How to Propagate Begonia Plants EasilyPlants & Flowers Last Updated On 03/30/2022
Begonias are gorgeous plants that can be found in many gardens. Part of the standard care for Begonias includes propagation. There may be many different reasons on why someone might want to propagate Begonia plants, but having more Begonias is the most common reason.
The good news is that it is possible to propagate Begonia plants with relative ease, but you need to know how to choose the right method, and also you need to follow a few simple steps. Keep in mind that choosing the right method not only saves time, but also increases your chances of success. Not to mention that an easy method is ideal for beginners who might want to try plant propagation for the first time.
The Easiest Way to Propagate Begonia
There are several different methods you can use to propagate Begonia plants. However, not all of them are equally effective. Also, some take more time than the others, so it is important to keep this in mind when choosing how to approach propagation.
It is important to understand that it is possible to grow your Begonias from seed. These can germinate properly and grow into strong and healthy plants. However, this method is slow, and definitely not the easiest one you can choose.
Instead, people are generally using a different approach to propagate Begonia plants. Using cuttings is fast, easy and it produces excellent results. This is by far the easiest way to propagate Begonia, so it is the first method you should consider.
How to Propagate Begonia from Cuttings
If you wish to propagate Begonia plants from cuttings, it is a straightforward process. You should start by cutting a few healthy leaves from an adult Begonia plant. Make sure to choose a plant that is strong and healthy: this will not only increase your chances of propagation success but will also allow the mother plant to recover more easily.
Another thing to observe are the leaves themselves. Make sure to choose only healthy leaves to turn into cuttings. Weak or diseased leaves are not good candidates, and these can ruin your propagation effort.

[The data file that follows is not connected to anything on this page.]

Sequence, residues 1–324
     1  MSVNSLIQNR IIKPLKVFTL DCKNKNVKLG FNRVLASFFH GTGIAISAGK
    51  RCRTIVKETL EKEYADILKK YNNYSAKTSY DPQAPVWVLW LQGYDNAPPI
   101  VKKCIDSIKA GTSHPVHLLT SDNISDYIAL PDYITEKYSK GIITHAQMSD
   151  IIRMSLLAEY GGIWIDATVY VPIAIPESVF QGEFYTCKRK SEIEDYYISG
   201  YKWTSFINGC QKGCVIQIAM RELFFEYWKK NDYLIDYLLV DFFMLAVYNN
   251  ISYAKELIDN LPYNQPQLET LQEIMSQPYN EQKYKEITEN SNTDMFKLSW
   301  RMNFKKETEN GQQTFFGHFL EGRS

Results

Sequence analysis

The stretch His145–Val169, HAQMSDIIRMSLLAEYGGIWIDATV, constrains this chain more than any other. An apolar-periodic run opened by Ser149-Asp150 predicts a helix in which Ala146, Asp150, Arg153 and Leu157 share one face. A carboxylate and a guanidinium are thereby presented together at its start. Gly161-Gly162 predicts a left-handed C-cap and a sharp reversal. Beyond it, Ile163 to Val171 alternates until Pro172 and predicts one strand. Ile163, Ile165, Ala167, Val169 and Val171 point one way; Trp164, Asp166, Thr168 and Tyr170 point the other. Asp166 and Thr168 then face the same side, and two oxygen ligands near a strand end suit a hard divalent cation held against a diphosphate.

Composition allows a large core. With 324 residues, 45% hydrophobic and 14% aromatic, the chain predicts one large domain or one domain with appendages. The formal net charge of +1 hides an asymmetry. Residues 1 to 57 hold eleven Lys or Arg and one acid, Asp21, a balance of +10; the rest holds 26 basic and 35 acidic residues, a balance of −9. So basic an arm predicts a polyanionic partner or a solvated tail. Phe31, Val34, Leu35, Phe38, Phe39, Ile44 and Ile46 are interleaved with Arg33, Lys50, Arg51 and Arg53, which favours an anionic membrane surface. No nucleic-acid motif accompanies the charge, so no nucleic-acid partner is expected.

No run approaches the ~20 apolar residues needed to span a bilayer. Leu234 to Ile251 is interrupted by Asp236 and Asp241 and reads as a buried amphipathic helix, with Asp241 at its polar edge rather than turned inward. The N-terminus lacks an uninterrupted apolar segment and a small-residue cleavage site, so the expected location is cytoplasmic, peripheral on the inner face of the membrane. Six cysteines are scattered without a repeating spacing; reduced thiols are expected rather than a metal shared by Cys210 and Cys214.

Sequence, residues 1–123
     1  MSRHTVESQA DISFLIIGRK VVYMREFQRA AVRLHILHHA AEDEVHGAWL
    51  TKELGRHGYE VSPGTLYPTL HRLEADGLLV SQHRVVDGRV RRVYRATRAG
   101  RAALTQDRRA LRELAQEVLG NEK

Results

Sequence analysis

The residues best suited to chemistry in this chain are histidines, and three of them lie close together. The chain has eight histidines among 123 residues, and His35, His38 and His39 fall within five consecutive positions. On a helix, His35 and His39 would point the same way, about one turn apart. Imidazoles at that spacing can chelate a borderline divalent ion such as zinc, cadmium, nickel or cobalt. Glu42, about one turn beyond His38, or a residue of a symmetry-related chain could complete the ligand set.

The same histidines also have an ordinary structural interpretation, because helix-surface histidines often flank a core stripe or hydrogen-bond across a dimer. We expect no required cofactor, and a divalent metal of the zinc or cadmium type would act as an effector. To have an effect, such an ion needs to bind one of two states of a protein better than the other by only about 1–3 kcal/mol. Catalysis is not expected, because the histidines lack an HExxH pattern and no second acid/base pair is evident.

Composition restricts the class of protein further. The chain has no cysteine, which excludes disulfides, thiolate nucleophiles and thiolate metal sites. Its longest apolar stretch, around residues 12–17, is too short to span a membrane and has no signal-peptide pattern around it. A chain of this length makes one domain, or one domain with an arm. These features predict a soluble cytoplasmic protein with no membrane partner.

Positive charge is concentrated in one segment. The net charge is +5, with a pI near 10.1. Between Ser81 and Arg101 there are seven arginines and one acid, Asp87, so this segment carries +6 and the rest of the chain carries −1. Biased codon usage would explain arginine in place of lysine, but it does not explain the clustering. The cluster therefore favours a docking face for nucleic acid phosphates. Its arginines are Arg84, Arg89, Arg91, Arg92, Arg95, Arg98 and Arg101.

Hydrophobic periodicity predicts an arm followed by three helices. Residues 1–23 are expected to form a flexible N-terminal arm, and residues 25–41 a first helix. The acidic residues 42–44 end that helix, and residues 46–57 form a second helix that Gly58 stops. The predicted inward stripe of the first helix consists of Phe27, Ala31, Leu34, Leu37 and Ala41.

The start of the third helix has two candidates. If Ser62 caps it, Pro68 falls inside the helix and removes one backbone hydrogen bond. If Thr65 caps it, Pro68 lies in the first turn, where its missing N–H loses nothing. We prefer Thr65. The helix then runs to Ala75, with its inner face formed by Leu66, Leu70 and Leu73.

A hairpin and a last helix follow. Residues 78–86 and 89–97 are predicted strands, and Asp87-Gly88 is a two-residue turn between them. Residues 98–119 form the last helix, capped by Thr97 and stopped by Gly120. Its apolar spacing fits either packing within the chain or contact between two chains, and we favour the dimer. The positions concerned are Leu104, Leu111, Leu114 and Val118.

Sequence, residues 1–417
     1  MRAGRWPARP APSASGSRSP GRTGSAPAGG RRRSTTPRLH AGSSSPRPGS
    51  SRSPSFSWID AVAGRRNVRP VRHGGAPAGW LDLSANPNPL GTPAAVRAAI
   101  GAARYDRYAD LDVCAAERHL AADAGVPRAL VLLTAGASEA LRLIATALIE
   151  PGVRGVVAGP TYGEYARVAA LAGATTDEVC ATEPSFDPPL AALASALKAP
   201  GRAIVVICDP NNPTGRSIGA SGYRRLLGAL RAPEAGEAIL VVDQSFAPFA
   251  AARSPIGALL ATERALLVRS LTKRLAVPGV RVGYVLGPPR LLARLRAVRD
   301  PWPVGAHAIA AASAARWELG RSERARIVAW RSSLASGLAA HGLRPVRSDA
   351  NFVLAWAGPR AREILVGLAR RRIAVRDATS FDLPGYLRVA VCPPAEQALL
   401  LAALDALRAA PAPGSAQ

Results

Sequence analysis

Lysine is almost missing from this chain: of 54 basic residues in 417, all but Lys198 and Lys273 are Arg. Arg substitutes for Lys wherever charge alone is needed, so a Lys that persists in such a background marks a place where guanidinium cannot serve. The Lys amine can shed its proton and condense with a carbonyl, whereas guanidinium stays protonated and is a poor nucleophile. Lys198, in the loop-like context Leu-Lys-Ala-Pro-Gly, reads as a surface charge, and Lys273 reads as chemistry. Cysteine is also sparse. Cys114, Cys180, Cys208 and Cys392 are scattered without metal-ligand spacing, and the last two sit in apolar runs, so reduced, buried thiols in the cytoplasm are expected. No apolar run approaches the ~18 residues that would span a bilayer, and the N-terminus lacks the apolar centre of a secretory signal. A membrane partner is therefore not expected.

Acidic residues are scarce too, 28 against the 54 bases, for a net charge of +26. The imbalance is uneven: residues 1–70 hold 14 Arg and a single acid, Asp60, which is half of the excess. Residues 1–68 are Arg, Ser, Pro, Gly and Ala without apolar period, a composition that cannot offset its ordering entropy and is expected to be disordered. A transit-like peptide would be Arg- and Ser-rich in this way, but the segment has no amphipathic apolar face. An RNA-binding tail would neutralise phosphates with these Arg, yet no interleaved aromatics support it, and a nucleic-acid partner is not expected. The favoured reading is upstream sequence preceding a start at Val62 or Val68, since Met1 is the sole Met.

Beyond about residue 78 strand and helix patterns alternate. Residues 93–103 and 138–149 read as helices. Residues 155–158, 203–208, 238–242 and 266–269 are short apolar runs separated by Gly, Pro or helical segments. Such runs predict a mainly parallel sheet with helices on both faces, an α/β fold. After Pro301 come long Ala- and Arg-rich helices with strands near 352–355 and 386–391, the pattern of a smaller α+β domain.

Once you have the leaves, turn them upside down and slice them into thinner wedges. Make sure to always use only sterile knife or a pair of scissors. This will ensure that not pathogens are transferred from the mother plant into the cuttings or from the outside environment into the cutting.
Also, when making thin wedges from the leaves, always make sure that there is a vein in each individual piece. This is needed for your new Begonia plants to grow properly.
You can quickly and easily get a lot of cuttings using this method. However, if you only want to get a few new plants, you don't need to slice the leaves - the leaves themselves can act as cuttings. If you wish to go this route, remove the leaves from the mother plant, and make sure to always leave about half to one inch of the petiole - stalk holding the leaf to the stem.
The next step is to plant your cuttings. It is best to use a sterile potting mix, such as a combination of peat moss, vermiculite and perlite. Stick the leaf wedges into the soil. Alternatively, if you used whole leaves for making cuttings, stick petioles into the soil.
Once these are planted, make sure to cover the tray with a plastic bag. If you are using a smaller container, you can also put the entire pot into a plastic bag. Make sure to keep the pot away from direct sunlight, but it has to be placed in a warm spot. Occasionally, you should mist the soil so the cuttings will stay moist. However, make sure not to keep the soil so wet that the cutting sits in water. Doing this may cause the root rot, which is something you wish to avoid.
After this, you should wait. The roots should start appearing after 3 to 4 weeks. When this happens, leave cuttings to develop roots even more. In about 6 to 8 weeks, the cuttings will be strong enough so you can transplant them into a larger container or into the garden.
Also, keep in mind that you can root Begonia cuttings in water instead of the soil. Simply fill a glass or a jar with fresh water. You can put more than one cutting into the jar. Observe how roots are developing. Once they are at least half of an inch to an inch long, you can plant them into containers or into the garden.
Photo credit: Jim, the Photographer